The Art of Architectural Graffiti, According to Instagram

Paul Keskeys Paul Keskeys

Graffiti is a word weighed down by negative connotations, primarily due to its inherently illicit nature. The word has long been owned by hooded figures that emerge in the dead of night armed with spray paints, scrawling tags across the external surfaces of buildings and bridges, leaving their mark against the will of the city.

However, the skillful techniques used in this dark art have also been harnessed by completely legal and highly talented artists who possess incredible powers to enhance architecture with their work rather than degrading it. In these instances, graffiti becomes street art, and many design firms appreciate that this medium can add a new dimension to the everyday building elements we often take for granted.

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One such company is Raydoor — manufacturer of sliding doors used in projects such as k YODER design’s Society Hill Townhouse — which encouraged artists to unleash their creativity on its products for the second annual Dwell on Design New York. The resulting exhibition, entitled “The Art of Division,” reveals the potential of combining edgy street art culture and high-end design.

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The company captured the work in progress on their Instagram feed, which got us thinking: what kind of relationship now binds architecture, graffiti, and social media in the modern age? This gallery gives a glimpse of the playful overlap between these perpetually entwined disciplines …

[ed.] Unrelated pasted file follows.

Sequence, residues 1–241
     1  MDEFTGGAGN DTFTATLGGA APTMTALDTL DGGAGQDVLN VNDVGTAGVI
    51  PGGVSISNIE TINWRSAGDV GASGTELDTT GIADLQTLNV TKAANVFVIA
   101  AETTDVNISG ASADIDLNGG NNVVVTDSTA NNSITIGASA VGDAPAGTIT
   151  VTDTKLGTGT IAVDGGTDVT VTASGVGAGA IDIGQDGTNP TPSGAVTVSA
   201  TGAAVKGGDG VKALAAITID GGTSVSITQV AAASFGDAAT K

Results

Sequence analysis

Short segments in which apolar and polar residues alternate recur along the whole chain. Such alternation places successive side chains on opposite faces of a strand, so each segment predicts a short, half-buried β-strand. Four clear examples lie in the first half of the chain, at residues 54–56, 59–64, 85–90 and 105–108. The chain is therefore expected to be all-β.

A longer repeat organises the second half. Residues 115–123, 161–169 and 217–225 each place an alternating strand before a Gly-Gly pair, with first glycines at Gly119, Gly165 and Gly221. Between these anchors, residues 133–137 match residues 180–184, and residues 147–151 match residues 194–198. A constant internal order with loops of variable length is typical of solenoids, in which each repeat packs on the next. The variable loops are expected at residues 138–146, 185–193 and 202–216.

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Australian artist Fintan Magee creates huge-scale artworks that frequently expand to fill entire façades, transforming buildings into full-bleed canvases. There is also an architectural influence within the images Magee portrays, houses often being used as metaphors for political statements and financial burdens.

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The aptly named omuf_graffiti_architecture channels the spirit of Magee’s surrealist images, but their style will be more immediately recognizable to architects: the artist uses buildings as a gargantuan drawing board, crafting detailed sections, axonometrics, and perspectives complete with people that lend each painting a great sense of scale.

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Mysterious French artist JR — a global phenomenon whose true identity remains unconfirmed — doesn’t practice graffiti with spraypaint, but the scale of his street art is unparalleled. JR flyposts huge photographic images on buildings across the globe, describing the street as “the largest art gallery in the world”. He has created notable artworks within architectural icons from the Pantheon in Rome, Italy, to the Tate Modern in London, United Kingdom.

BONUS:

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Spotted by Instagram user architecturalsavannah — by an unknown author. Was Le Corbusier a graffiti artist by night? We may never know for sure …

Top image: an image from JR’s “Women Are Heroes” series, via Share America.

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© David Foessel

Coutume Cart Paris Finnish Institute // CUT architectures

Paris, France

© Sohrab Rafat Architecture Group

A House in memory of Rostam // Sohrab Rafat Architecture Group

Iran

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